“Claim our bodies. Claim our right. Take a stand. Reclaim the Night.”
By Anja Samy
Over 2000 people took to the streets on Thursday night as part of the UoM Students’ Union’s annual Reclaim the Night march.
The march, which began at Owens Park in Fallowfield and ended with a moving rally at the SU, is a powerful declaration of defiance against the misogyny, sexual assault and gender-based violence which women and female-presenting people face every day.
The Student Union’s Women’s Officer, Ayla Huseyinoglu, worked to organise the 2020 march alongside various groups of students and SU staff, including the Liberation and Access Officer, Sara Khan, part-time liberation officers and various student societies including the Feminist Collective.
In her speech at the rally, Ayla, outlined the reasons why the Reclaim the Night campaign is still so important: “We have marched for our safety. We have marched for more street lighting. We have marched to make misogyny a hate crime. We hope that local authorities will listen to us on this.
“What we have marched for tonight is so easily achievable if the political and social will demands it. We also need things from our universities which should not be hard to implement. We need better education on consent, sex and relationships. This march should not be necessary and I hope that one day it won’t be. But for now it’s so so valuable that you are here.”
The demands of the Reclaim the Night campaign, which were put to the Greater Manchester authorities this year, were outlined as follows:
- Recognise Misogyny as a Hate Crime before 2021.
- Put more street lighting in student residential areas, on unlit streets in Fallowfield, Withington, Hulme, Salford and Rusholme.
- Bring the Safezone app into residential areas by working with Universities to do this.
The campaign also addressed issues that students at Greater Manchester Universities face, and demanded that University leadership “do more to ensure places on and off-campus that are frequented by students are safer and ensure students, who fall into their duty of care, are protected as far as possible from sexual violence.” These demands included:
- Universities in Greater Manchester fund all their bar staff (including SU bar staff) to become trained and accredited by the Good Night Out Campaign, ahead of the start of the 2020/2021 academic year.
- Give detailed, valuable, inclusive information on consent out to all students, both home and international, of all genders, on-campus and distance learners, who enter the University and have training for all staff on dealing with disclosures of sexual violence.
- Get the SafeZone app, and broaden it to include residential areas in Fallowfield, Withington, Hulme, Salford and Rusholme and Manchester city centre, working with the council to do so.
This year’s campaign put more emphasis than ever on the intersectionality of issues of gender-based violence and sexual assault. In her speech, Hatty Ruddick, Part Time Women’s Officer, expressed her anger that these issues of gender-based violence are still prevalent in the world and addressed perceived shortcomings of previous campaigns:
“We should all be able to walk home at night, or go on a date, or go on a night out, having as much to drink as we want, without knowing that there is a possibility of being assaulted. But these aren’t the only reasons that I am angry. I am angry because for far too long we have focused on a certain sector of women.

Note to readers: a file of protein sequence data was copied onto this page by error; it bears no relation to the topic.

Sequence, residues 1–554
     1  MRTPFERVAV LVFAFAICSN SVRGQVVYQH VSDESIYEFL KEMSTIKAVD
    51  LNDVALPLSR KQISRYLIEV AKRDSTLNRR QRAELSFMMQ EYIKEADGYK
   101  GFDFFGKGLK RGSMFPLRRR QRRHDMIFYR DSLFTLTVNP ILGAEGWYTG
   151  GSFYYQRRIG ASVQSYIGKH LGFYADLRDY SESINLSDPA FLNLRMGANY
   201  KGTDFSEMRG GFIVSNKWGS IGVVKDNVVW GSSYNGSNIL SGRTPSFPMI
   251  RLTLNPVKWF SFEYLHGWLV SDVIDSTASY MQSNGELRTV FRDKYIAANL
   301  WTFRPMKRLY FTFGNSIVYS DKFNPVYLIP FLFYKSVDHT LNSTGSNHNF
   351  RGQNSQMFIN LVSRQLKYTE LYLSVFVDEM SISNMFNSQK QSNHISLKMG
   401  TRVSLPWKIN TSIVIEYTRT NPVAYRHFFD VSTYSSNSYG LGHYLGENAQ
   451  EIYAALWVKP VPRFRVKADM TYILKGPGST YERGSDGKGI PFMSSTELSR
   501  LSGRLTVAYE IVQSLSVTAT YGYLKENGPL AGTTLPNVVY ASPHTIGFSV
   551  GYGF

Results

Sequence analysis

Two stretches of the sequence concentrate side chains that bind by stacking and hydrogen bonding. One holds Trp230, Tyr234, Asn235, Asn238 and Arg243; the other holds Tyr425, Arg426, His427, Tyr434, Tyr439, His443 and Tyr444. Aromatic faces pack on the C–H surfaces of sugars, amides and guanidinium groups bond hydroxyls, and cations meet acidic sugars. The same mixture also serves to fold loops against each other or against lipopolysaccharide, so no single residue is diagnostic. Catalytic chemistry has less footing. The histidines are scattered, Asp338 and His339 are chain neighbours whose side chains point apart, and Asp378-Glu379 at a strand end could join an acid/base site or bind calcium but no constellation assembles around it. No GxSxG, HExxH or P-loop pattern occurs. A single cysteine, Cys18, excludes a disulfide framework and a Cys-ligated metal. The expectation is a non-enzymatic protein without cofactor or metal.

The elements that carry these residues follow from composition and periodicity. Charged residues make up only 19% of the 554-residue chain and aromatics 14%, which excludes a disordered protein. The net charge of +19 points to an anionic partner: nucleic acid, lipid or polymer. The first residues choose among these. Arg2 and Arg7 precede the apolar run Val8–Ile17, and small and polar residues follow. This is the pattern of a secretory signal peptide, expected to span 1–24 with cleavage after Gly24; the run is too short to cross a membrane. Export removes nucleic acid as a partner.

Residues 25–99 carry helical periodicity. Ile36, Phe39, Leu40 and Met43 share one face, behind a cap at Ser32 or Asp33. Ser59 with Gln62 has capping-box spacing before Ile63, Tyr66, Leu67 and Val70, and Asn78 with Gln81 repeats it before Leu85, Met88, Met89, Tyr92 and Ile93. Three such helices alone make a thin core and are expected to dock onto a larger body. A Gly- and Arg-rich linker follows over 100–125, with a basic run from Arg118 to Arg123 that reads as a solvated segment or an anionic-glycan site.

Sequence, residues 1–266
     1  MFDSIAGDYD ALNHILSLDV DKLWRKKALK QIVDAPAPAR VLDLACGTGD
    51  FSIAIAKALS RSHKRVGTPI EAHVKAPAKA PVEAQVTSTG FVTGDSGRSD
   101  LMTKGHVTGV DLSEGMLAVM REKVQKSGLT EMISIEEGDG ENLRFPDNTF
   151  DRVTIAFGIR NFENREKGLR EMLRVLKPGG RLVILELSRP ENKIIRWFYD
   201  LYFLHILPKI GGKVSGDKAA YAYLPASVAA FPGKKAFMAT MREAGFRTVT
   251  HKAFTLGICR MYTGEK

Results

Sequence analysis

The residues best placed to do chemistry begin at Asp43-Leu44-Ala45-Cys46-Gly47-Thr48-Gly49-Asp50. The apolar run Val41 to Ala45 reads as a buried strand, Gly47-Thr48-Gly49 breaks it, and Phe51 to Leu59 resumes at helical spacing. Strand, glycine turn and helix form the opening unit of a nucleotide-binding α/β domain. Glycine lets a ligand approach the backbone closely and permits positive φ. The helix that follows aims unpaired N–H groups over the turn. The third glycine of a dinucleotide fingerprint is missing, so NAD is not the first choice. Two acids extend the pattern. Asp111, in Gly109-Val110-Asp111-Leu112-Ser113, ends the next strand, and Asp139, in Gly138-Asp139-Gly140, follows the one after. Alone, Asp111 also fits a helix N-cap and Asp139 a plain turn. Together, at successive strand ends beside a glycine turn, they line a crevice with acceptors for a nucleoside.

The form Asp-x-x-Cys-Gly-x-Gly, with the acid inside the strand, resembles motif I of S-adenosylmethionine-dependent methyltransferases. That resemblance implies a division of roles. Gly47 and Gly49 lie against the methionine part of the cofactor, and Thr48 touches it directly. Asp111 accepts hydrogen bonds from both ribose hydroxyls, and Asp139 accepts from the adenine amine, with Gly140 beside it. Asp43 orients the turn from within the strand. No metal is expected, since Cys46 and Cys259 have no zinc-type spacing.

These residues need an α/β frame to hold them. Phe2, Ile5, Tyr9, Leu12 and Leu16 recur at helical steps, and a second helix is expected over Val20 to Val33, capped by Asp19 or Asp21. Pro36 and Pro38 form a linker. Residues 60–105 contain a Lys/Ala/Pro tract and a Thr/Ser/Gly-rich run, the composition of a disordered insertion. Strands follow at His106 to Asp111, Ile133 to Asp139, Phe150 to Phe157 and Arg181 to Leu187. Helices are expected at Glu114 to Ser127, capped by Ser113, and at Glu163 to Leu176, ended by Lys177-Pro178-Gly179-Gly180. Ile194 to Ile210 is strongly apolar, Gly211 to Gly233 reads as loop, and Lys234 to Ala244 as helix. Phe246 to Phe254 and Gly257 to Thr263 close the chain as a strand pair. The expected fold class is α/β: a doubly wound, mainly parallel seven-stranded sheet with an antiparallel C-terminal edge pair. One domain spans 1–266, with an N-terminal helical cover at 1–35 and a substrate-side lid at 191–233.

“We have ignored women of colour and queer women and trans women and disabled women and migrant women and women of faith. We have ignored the effect that our reporting systems can have on these women. We have ignored the violence that these women can experience when reporting their experiences to the police. We have belittled those that are too scared to report their experiences, so yes I am angry. But to see the amount of people that come here year in and year out I feel empowered.”
This year, Reclaim the Night partnered with the Misogyny is Hate campaign which is “calling on Greater Manchester police to recognise misogyny as a hate crime”. Sylvie Pope, the lead campaigner on the Misogyny Is Hate campaign spoke at the rally, about the importance of using your voice to stand up for the rights of oppressed people:
“The most powerful thing we can do is speak. I hope that if there’s one thing that you can all take away from tonight is that your voice is beautiful and it’s powerful and you have every right to use it whenever you can and want to.”
Sylvie told her story of the misogyny she faced throughout her life including “the first time she was wolf whistled” at just 11 years old. She explained how, after moving to Manchester, “the suffragette city,” she found the strength to stand against injustices such as those she went through:
“I found my voice, strengthened by amazing women who have worked tirelessly to name misogyny as the problem that it is. Because of them and with them and all of you tonight, I no longer feel small. I feel powerful.”
“From this moment on, you are not alone in this fight. You are not the only woman, or man, or Muslim, or Christian, or jew, or white person, or asian person, or black person, or gay, lesbian, bisexual, transgender or nonbinary person fighting against social injustice and hate.
“The issues we all face are all interlinked and they are so often underpinned by misogyny. From tonight, you are a collective determined to live in a city where 11-year-old girls aren’t harassed on the way to school, where we are no longer sexually assaulted, and where we don’t have to put up with demeaning jokes.”
In December 2019, the UoM student TV station, Fuse TV, partnered with the MisogynyIsHate campaign to help spread awareness surrounding hate against women and girls. They asked members of the public to read out first-hand testimony from women in our city. You can watch people’s reactions to the statements on the Fuse TV YouTube channel.